I am the oldest child of five. All my life I saw my mother accumulating her treasures. She would find them on sale at stores, at antique shops, or garage sales. Friends and family would give her little things because they loved her and wanted to please her. She always returned the favor by making them feel special for giving her the most wonderful thing. It wasn’t an act. She really was thrilled with every little thing! And she saved it all. The remarkable thing, to me, was the way she was able to display these treasures around her home. She really had a knack for giving things their own little space.

Mom had cancer and it had progressed to the point where she was bed ridden. My sister came from Tucson and I from Seattle to take up residency, once again, in Minnesota, in the home where we had lived so many years before. Our mother needed us and we were fortunate to be able to respond and help out. Hospice nurses came regularly and so a hospital bed was brought into the family room. The family room had large windows that looked out over a swampy nature preserve. Mom loved that room because she could watch the animals and birds and feel nature all around her. While under the influence of morphine, she told my daughter, “If you ever find yourself in this situation, try and get this room”.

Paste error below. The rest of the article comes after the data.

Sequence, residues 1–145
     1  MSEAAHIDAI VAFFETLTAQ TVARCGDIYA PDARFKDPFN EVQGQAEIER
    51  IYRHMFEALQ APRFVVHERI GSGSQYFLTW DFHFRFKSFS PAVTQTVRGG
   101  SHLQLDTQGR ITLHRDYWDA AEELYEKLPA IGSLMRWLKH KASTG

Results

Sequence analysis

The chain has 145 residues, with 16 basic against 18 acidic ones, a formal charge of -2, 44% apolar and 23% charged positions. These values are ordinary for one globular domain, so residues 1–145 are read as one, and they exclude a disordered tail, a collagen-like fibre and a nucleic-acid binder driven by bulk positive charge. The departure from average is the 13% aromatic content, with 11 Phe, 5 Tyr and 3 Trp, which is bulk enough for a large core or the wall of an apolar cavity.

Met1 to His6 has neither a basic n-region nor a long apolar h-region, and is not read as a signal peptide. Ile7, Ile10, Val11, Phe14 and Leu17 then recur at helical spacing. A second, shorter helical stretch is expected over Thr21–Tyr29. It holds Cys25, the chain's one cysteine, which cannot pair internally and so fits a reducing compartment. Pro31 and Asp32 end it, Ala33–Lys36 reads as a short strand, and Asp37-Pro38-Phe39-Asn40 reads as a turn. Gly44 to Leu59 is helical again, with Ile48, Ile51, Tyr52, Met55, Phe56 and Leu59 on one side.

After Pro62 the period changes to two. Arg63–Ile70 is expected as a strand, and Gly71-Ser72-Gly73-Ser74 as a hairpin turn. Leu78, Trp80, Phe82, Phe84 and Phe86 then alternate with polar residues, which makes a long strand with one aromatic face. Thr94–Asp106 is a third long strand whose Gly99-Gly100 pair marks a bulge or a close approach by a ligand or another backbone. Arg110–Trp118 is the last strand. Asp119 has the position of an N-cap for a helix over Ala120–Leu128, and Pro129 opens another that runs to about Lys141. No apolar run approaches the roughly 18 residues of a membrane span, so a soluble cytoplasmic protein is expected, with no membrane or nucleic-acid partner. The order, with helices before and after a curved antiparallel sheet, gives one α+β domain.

While Mom was resting my sister and I began going through things in the basement. Mom was very artistic and so she had boxes and chests and bags of craft items. Many items were so old that they had become vintage treasures! Others things were quite hilarious. For example, she had several big milk cans filled with pinecones; and about twelve dozen egg cartons with eggs in them that had all been blown out. What could we possibly do with stuff like that? I actually wondered if Holly Hobby, from the 1970’s, had retired down there. We kept finding evidence of her presence.